After testing how to deal with this throughout several games I found that I often overcomplicated the return on flick serves by thinking out all sorts of tactics and possible solutions – (after all, there aren’t that many flickers throughout a match).
I’ve since decided on two relatively simple things that any badminton player can start practicing the next time they step on the court.
I deal with the “danger” of flick serves the same way every time.
- If I’m caught off guard (or if it’s a fast flicker), I always return with a clear.
- Everything else, I decide based on how quickly I’m able to move behind the shuttle.
It’s not a very analytical approach, but it works because it frees up your mind to think and react quickly, which is exactly what’s needed to defend a flick serve.
The reason my default reaction is to return with a clear is that it’s the only real strike you can hit properly if you didn’t get behind the shuttle.
(There’s a good example of this in the previous clip above from Watanabe/Higashino vs. Lane/Pugh).
The rest is something you’ll have to evaluate in a split second, depending on the situation.
If you manage to react fast and get behind the shuttle to smash or drop, those might be better options. But if you’re caught off guard, or the flick is too fast, a clear is likely your best option every time.
Here are a few examples. Sukamuljo is caught off guard and returns a clear, which gives his partner time to get ready (he also ends up winning the point).
If you keep watching this clip, in the following rally, there’s a flick serve in the other direction – but it’s easily returned with a smash.
Here’s one from a singles match where Axelsen returns with a smash.
And here are a few examples from amateur matches.
Here the receiver doesn’t get far enough behind the shuttle and returns a clear.
What am I trying to show with all these scenarios?
One thing – it’s not super difficult to return a flick serve in badminton.
Yes, I realize that the pros are on a different level, but if you practice the technique and use the framework that lets you make quick split-second decisions depending on the situation, flick serves are not as “dangerous” to deal with anymore.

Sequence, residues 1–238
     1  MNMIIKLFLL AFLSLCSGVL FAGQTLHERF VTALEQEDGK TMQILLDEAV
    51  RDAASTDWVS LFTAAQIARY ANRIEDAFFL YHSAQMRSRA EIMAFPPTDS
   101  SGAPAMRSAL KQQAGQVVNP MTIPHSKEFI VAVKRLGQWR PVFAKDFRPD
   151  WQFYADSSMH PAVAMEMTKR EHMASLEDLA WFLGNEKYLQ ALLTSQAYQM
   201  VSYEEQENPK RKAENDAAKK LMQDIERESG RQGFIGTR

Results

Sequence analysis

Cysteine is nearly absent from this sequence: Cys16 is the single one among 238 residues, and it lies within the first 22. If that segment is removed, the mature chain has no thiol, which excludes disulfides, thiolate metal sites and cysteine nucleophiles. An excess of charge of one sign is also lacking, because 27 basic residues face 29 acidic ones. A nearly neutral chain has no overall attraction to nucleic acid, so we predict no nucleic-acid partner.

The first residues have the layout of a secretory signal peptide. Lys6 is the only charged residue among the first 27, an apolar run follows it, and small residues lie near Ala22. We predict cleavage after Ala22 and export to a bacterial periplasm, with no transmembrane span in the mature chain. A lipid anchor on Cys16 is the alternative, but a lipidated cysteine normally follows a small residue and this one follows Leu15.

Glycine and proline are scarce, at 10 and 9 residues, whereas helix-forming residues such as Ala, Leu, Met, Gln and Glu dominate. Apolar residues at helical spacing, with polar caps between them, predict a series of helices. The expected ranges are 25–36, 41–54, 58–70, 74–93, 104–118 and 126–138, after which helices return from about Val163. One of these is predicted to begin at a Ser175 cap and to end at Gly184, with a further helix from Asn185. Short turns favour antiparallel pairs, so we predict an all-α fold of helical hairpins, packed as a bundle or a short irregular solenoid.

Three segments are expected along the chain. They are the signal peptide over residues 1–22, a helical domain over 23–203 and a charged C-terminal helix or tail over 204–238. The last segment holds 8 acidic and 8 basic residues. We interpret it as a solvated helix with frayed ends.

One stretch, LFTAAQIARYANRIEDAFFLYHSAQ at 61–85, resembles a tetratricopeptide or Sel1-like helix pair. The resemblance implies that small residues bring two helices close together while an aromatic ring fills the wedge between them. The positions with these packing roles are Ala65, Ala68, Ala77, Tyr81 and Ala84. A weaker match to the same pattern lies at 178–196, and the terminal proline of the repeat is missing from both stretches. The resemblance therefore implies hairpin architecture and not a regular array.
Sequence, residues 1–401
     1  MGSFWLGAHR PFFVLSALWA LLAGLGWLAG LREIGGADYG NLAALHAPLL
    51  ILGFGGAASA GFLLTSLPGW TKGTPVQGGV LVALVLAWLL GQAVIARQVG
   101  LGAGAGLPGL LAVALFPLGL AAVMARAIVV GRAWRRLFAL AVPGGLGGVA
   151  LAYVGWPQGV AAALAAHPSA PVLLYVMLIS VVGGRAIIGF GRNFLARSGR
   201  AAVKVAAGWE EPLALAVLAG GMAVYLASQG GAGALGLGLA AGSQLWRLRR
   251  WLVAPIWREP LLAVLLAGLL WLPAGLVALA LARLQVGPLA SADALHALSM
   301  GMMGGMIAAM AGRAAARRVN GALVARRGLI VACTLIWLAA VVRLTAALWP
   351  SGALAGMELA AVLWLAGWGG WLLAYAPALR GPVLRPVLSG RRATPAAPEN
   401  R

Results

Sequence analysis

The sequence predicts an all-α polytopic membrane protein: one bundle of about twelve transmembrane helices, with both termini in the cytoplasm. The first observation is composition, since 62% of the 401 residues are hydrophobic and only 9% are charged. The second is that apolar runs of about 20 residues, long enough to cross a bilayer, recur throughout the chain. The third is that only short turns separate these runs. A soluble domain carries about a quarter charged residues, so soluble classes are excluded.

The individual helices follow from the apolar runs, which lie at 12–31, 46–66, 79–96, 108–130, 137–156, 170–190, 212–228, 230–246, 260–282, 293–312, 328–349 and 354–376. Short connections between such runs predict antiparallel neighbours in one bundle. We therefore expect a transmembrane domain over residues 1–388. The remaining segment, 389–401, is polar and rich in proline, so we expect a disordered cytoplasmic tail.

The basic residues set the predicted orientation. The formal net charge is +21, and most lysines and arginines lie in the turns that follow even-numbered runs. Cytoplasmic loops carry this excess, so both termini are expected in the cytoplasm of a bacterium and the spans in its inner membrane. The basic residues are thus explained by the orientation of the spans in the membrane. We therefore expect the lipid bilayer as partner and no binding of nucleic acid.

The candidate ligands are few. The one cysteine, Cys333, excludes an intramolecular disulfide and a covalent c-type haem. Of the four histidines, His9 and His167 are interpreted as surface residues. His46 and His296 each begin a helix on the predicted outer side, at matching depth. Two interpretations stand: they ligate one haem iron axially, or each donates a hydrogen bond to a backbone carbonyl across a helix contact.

All that’s left to do is go and practice hitting and returning flick serves the next time you go on the court and begin weaving these badminton shots into your service so you control the mind game and not your opponent.
Here’s a video on flicking techniques you can practice on the court next time.
Quick-fire questions about the badminton flick serve
What is a flick in badminton?
Also known as a “flick serve” in badminton, it is a service technique where you typically disguise your shot, pretending to hit a low and short serve. Instead, you hit the shuttle with more power at the very last second to send it over your opponent towards the back of the service box – ideally catching them off guard.
Is flick serve legal?
The badminton flick serve is completely legal provided you follow the official service rules from the Badminton World Federation that apply to all service techniques.
How do you do a flick shot in badminton?
To hit a flick in badminton you have to use your wrist and thumb to push with a more explosive hitting power in the last second before serving the shuttle. It takes practice and refinement to avoid hitting it too far (out of the service box) or hitting it too low and short, which makes it easy for your opponent to return.
- Always set up your flick serve to be as deceptive as possible. Keep the same stance, movement, and position as if you’re doing a low/short serve
- Start using the flick serve in practice to drill combos to get familiar with certain outcomes that set you up for stronger attacks
- Try to take advantage of the opportunity created from the flick serve to hit stronger shuttles that outmaneuver your opponent in the next couple of strikes
- Use it to turn the tables in the service mind game and push opponents back when they attack your low-service game aggressively
- Defending against flick serves is a lot easier if you practice quick movement and decide on a standard practice for how to return that service so you can react fast
Aske helps badminton players who are returning to the court after years away from the game. If you’re looking for a new racket, consider reading this guide on good badminton rackets for doubles, next.